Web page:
What is it that makes us want to deconstruct art by units of time? Lists. We love making them. We love arguing over them. And here, on the verge of a new decade, we’re in a position to do the same again. What were the best albums of the past ten years?
Here at AD, we started talking it through and decided we weren’t going to add to the cacophony of lists being put out by various music pubs. There are enough of those. Rather, we elected to let our four main writers have a chance to write about any and all of the albums they felt shaped the last decade.
From now through the end of December, Monday through Thursday, AD will feature a post, or posts, from a particular writer detailing their favorite albums of the decade. On a given week there might be one album a writer talks about, there might be six, but they’ll get a chance to have their say on everything that comes to mind. Our hope for you, the reader, is that you’ll jump in with your comments on the album selections — tell us why you agree or disagree — and also be exposed to some albums that you may have missed over the last ten years. Now, as the decade starts to wind down, let’s celebrate.
Back in 2003, My Morning Jacket were just five dudes singing out songs from the bottom of a grain silo in Louisville, Kentucky. While later albums Z and Evil Urges found MMJ stretching across country-rock to skeleton funk and taking in everything between, It Still Moves marks the fully-cooked sound of a band reaching deep into the soil while pulling their songs as high into the atmosphere as they can go. It’s a vertical record that sounded simultaneously lost and discovered when it was released, with an ancient tone as warm as honey.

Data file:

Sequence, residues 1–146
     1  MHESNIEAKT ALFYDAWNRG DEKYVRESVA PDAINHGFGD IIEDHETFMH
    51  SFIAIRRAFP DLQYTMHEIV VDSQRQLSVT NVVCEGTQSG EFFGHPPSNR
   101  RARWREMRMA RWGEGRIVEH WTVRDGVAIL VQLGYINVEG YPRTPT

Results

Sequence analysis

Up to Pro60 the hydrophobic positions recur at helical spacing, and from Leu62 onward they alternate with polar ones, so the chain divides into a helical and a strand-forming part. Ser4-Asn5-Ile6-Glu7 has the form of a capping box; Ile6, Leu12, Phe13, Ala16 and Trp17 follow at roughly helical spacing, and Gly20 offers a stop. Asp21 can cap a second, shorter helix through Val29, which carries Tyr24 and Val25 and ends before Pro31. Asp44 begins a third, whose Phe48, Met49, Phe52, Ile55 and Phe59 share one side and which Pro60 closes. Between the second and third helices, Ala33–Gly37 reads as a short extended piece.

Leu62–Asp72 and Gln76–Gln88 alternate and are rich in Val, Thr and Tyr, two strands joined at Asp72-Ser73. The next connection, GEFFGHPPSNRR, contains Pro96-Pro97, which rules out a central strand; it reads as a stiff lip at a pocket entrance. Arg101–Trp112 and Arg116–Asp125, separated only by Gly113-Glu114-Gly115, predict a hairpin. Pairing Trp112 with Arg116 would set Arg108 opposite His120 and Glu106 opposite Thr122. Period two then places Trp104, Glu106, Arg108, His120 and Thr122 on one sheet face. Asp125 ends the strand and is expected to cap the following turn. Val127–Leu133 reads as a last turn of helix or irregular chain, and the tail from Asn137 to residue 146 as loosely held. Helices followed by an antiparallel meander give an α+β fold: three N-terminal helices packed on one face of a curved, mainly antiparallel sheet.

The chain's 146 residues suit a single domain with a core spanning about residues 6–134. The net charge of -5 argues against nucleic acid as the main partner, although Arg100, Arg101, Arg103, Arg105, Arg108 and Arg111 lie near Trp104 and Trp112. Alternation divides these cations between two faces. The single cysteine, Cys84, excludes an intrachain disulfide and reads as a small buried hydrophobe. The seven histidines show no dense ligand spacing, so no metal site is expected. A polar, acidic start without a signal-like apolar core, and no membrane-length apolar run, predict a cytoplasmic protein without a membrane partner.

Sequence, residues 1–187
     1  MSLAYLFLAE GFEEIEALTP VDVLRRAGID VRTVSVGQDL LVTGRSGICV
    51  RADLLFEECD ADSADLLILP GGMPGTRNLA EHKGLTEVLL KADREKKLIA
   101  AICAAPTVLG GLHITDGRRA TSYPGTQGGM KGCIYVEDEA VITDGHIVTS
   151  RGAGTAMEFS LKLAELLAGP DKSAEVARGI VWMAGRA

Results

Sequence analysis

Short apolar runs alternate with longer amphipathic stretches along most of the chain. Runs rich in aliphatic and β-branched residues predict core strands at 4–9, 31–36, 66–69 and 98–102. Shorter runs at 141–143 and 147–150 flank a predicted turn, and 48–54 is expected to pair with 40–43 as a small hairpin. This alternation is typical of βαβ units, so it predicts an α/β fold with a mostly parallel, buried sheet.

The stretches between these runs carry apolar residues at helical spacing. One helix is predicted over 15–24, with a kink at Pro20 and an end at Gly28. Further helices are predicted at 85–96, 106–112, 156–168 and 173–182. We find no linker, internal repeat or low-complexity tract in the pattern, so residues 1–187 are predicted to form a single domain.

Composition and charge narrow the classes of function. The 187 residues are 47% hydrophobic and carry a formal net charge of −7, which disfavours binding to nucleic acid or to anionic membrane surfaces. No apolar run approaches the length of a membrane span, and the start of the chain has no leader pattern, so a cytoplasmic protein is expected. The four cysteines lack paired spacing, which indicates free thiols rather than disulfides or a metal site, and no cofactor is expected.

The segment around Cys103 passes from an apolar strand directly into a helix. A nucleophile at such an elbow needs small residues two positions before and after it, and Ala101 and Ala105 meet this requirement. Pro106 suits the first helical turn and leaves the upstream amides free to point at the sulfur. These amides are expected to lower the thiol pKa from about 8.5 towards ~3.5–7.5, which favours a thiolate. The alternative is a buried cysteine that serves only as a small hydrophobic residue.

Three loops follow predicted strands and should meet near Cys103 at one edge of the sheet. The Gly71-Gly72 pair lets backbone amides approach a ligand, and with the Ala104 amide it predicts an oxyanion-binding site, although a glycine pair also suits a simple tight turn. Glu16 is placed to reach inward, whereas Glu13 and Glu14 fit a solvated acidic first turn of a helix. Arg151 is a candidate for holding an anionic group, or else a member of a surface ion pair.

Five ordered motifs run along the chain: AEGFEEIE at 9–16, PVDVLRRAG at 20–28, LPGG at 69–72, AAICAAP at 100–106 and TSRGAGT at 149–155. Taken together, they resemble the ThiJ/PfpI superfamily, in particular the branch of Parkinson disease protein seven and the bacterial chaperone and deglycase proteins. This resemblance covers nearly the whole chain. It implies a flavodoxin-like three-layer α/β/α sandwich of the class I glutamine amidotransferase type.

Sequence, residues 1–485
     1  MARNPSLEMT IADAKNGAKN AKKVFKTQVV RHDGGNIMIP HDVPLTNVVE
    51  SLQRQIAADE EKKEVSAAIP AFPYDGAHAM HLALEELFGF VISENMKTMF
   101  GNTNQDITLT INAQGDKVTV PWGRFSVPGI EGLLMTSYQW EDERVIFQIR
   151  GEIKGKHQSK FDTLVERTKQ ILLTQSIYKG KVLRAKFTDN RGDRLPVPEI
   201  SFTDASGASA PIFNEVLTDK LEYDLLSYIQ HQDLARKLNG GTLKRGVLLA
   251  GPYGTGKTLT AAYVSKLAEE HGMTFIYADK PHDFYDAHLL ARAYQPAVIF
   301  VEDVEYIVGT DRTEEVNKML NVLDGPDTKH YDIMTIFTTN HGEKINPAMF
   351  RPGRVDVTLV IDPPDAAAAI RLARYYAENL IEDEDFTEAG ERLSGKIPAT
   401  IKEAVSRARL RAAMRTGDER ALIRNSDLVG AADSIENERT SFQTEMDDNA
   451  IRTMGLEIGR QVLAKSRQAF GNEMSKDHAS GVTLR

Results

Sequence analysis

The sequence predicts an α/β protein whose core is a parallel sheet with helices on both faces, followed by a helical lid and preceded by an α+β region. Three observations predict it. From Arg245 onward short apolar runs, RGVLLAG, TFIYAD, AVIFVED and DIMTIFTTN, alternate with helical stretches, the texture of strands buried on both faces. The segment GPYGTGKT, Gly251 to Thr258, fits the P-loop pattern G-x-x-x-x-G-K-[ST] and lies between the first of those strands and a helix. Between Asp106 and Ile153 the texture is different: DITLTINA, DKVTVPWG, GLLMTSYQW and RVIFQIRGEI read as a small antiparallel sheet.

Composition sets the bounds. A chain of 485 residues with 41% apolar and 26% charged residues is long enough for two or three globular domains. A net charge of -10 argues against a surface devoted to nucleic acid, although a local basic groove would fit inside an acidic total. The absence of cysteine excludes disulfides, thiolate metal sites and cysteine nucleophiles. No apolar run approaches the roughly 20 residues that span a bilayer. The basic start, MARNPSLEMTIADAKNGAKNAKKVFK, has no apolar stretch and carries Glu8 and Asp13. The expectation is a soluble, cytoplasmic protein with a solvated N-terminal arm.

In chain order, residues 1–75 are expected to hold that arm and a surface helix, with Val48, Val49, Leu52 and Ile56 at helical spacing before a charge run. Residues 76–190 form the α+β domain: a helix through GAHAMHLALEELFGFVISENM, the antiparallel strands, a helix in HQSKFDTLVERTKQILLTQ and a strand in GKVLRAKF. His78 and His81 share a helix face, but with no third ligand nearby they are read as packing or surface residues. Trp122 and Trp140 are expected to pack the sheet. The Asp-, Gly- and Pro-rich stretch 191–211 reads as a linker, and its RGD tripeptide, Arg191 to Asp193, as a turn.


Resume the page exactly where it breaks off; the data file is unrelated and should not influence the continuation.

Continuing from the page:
Something about It Still Moves feels inevitable, almost as if the loamy ground itself had given birth. Jim James’ voice, cloaked in reverb, hovers over the songs on a bed of metallic harmonies like the string that holds the clouds in the sky. Perhaps it’s the minimalist aesthetic, but nearly every track feels humble and unshowy; any other band would have pumped serious compression and studio muscle into rockers like “One Big Holiday” and “Mahgeetah”, but James’ understated production hugs the listener in. Even “Run Thru,” which sounds something like “Cortez the Killer” conquering the ghetto, unravels its power more than it unleashes it. These songs felt broken-in the first time they were spun, like they were made for their listener only, and six years down the road, they hang even closer to the skin.
And yet the whole things still sounds normal. Despite all the celestial grandeur, My Morning Jacket never sound like anything other than a handful of dudes making good music; they could have been playing just up the road from you at one of the dark and lonely bars that James is so wary of in “Golden“. It Still Moves is local in the bigger sense of the word–it’s rooted not only into its physical geography, but also into the emotional geography of the people who made it. And for all of the bombast that the band has produced in the meantime, this humble little rocker still shines the brightest. words/ m. garner
MP3: My Morning Jacket :: Steam Engine